In the act of misleading a person using various tactics one is considered a deceiver. Deception can be caused through many different factors. Dissimulation, or lies and half-truths, is the verbal way to deceive. A person's actions can also be deceptive, and one can use a symbol or tangible object to deceive another. The minor characters are the victims of deceit, while the major characters are both victims and deceivers themselves. The antagonist in the play is the biggest deceiver of all. The theme of deception is portrayed in the Shakespearean play Othello through both major and minor characters either being deceived by others or using their actions, words, and other inanimate objects as their deceptive tools.
The minor characters in the play Othello illustrate the theme of deception by being a victim of someone else's deceptive behaviour. The character of Brabantio shows some of the earliest signs of deception in the play. It begins outside his house when Roderigo and Iago yell to Brabantio that Desdemona has gotten married. "How didst thou know twas she? O she deceives me/ Past thought!" (Shakespeare, I, i, 165-166) When Desdemona, his daughter, marries Othello, Brabantio feels as if he has been deceived. Desdemona's marriage is the symbol of her deception and her secretiveness about this action is what allows Brabantio to feel betrayed by her and causes him to go as far as kicking her out of his home. Similarly, the minor character Roderigo is being deceived by Iago throughout the play: Thus do I ever make my fool my purse;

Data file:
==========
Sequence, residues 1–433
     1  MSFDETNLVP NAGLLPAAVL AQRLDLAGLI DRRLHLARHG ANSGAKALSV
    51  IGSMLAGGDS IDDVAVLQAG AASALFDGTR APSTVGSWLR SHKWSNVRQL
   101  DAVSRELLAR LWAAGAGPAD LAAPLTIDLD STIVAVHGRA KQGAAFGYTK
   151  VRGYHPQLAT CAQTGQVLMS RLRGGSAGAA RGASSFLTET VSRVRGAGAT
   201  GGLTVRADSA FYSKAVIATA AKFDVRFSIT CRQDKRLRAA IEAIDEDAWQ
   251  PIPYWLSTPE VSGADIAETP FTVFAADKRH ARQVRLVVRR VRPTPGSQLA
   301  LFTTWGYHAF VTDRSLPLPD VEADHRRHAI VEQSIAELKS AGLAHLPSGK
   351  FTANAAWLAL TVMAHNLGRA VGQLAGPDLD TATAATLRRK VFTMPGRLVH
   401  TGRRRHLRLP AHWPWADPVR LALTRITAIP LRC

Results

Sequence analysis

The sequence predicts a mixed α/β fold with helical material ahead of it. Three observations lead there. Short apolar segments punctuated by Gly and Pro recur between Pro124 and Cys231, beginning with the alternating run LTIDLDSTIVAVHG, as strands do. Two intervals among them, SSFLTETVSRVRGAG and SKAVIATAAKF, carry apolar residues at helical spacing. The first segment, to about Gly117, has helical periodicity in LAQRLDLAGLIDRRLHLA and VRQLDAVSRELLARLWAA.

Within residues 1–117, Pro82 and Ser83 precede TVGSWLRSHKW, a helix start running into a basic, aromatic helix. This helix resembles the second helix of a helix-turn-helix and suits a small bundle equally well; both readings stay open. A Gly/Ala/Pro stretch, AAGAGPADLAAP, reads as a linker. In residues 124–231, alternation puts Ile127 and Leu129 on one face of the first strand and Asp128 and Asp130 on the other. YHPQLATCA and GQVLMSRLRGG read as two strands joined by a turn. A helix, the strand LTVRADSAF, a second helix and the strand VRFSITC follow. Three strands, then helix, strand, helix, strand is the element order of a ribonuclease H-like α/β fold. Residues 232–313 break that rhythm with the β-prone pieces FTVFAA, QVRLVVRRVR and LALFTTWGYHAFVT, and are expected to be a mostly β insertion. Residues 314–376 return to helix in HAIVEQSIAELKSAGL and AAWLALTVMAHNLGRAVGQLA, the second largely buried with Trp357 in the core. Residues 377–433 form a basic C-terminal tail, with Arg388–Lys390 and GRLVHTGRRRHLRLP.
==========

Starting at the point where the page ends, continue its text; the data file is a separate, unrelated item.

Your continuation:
For I mine own gain's knowledge should profane
If I would time expend with such a snipe
But for my sport and profit. (Shakespeare, I, iii, 374 377)
Iago states that he is making a fool of Roderigo by taking his money for fun and for his own gain, not to actually help him. His lies are what deceive Roderigo. Roderigo believes that Iago will help him win over Desdemona, but in actuality all he is doing is taking...
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